§ Mr. Orme
No. I am developing an argument. That decision, taken by those 67 members, is binding upon the executives of the four unions and on the general executive. The engineering section executive, of which Mr. Scanlon is the president, and of which there are seven members who reflect distinctive points of view on industrial relations matters on many occasions, has twice considered this issue and has reached the unanimous decision—I mean unanimous, seven votes to nil—that the union may not violate the decision of its rank-and-file policy making body. Mr. Scanlon was not even called upon to vote. That is democracy, is it not?
The hon. Member for Bath talked a lot about democracy and the way in which people get into important positions in the trade union movement, whether by large majorities, with large participation of the membership, or not. Anyone who has taken a keen interest in this matter knows that those of us on this side who have argued these matters before have always advocated the fullest participation by all trade union members in the running of their unions. In fact, there is far more interest and far more active participation than is often acknowledged.
If a union has reached a decision on non-participation, and if then a gentleman such as Mr. Goad makes trouble, should it then change its policy? Mr. Goad has taken a stand on so-called principle. I shall not go into his case. He has been in and out of the union, he worked during an official dispute, and we learned a short time ago that he is so principled that he will settle for £30,000 and leave the industry to get on with its own business. This is the gentleman who is this week causing disruption.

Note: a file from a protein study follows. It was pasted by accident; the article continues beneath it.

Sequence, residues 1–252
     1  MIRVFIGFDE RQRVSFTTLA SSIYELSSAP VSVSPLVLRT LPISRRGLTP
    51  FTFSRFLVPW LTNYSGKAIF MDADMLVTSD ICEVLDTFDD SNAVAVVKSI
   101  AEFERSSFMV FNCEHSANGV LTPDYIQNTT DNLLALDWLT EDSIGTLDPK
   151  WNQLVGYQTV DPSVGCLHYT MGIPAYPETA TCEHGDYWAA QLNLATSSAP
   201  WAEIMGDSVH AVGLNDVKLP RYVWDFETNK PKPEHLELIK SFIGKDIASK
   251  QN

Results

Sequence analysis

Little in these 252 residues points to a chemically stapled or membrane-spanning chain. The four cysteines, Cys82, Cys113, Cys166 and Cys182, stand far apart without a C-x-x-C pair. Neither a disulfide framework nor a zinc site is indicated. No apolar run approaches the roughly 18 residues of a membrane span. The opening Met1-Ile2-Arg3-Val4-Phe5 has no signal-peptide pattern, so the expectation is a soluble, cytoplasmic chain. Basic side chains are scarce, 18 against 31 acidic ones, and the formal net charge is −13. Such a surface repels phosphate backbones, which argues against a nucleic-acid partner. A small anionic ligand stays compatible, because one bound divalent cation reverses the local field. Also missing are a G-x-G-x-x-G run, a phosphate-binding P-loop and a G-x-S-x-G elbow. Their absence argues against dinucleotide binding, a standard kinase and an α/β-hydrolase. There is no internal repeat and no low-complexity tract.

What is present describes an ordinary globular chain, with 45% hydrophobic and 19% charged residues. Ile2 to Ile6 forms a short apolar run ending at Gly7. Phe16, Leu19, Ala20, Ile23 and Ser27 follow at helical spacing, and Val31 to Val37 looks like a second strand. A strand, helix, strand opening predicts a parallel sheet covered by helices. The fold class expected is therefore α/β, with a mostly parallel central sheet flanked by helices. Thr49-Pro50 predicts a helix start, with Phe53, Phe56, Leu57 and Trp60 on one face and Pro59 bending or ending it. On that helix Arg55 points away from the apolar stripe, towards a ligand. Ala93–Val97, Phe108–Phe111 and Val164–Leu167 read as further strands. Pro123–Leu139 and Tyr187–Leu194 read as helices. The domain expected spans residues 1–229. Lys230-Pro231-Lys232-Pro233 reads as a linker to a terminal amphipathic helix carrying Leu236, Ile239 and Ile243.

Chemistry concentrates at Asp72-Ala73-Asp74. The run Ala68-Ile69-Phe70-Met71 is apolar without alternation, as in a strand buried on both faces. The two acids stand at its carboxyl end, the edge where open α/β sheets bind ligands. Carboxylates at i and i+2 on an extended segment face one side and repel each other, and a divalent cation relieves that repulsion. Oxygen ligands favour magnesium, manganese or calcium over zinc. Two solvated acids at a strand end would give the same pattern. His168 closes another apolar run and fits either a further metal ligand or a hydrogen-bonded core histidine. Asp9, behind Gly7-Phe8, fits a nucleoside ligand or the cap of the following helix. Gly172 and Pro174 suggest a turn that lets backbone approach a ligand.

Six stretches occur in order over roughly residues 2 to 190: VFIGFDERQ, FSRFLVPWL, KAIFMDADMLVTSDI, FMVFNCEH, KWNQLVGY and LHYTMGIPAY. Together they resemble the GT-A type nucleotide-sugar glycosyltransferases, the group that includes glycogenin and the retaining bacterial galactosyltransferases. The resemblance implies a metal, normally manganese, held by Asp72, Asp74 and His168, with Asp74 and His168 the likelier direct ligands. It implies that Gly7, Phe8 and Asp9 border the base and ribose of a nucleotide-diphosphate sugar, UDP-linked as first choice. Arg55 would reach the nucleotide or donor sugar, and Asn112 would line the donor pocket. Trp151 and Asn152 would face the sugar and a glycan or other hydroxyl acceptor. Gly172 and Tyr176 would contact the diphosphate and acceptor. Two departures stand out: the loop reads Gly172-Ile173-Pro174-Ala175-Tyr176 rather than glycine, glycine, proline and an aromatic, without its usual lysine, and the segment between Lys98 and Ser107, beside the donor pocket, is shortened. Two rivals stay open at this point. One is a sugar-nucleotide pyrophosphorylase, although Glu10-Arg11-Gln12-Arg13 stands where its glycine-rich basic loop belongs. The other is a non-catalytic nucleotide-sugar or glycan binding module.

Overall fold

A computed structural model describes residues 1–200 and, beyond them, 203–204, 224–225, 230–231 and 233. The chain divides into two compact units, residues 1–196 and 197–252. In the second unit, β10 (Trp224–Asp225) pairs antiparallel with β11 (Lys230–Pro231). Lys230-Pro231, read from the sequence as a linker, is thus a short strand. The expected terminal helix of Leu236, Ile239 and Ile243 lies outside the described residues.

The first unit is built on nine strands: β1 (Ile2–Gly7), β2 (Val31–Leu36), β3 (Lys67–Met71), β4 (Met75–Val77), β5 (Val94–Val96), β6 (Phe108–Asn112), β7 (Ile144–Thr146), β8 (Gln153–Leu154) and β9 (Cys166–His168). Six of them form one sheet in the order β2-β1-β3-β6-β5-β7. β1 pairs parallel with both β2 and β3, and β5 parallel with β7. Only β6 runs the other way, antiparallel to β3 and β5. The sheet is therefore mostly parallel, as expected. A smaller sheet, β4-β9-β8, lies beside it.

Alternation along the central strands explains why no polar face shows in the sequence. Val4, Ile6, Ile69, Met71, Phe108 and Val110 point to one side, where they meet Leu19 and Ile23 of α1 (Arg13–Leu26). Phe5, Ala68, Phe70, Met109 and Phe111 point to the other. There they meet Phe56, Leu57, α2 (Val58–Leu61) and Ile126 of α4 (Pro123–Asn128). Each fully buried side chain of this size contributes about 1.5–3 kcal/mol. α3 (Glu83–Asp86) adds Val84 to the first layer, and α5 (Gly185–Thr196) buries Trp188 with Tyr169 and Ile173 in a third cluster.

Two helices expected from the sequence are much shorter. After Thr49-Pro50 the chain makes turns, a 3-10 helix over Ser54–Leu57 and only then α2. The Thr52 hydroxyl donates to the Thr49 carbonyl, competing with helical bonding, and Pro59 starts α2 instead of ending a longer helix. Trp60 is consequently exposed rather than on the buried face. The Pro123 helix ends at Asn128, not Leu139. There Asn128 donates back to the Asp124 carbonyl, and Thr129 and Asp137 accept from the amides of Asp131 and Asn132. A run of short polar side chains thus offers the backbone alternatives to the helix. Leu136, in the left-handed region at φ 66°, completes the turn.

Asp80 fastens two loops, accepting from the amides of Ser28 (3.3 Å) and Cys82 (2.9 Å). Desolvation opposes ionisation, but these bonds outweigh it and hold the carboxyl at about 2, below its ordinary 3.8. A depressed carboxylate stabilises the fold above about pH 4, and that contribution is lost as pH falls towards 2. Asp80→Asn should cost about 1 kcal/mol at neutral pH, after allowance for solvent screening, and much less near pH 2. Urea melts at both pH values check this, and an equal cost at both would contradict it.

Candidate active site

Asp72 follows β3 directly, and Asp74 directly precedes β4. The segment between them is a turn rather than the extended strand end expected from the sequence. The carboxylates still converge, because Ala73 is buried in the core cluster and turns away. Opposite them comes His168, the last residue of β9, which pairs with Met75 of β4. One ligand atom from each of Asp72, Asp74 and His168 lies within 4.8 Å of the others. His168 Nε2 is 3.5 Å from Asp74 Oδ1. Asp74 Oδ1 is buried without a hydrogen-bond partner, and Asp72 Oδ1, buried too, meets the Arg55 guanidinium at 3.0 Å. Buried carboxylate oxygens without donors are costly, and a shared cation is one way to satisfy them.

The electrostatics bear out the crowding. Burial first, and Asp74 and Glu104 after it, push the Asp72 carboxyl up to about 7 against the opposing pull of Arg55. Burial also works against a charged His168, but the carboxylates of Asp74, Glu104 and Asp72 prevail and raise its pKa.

The other people who have created disruption and who are creating disruption still are the Government and, in particular, the former Solicitor-General, now the Minister for Trade and Consumer 936 Affairs. The right hon. and learned Gentleman is probably responsible for more industrial disputes since 1970 than any trade unionist could ever be said to be.
I address myself now to my right hon. Friend the Member for East Ham, North (Mr. Prentice). I do not think that it behoves him to criticise, or, indeed, to interfere in, the internal democracy of my union in the way he did this weekend, giving succour to the enemies of the trade union movement. My right hon. Friend need only look at some of the Press headlines, from which it would appear that my right hon. Friend supported those people who are now hampering the British trade union movement. I know that is not his intention. He has been put into that position by his statements and utterances. It is not consistent with the manner and policy of the Labour Party. Looking at conference decisions, I do not believe the Parliamentary Labour Party has even discussed this matter. Individual Members, including my right hon. Friend the Member for Bristol, South-East (Mr. Benn) and the hon. Member for East Ham, North say different things. Different people make policy statements on behalf of the Party. This subject is of major importance.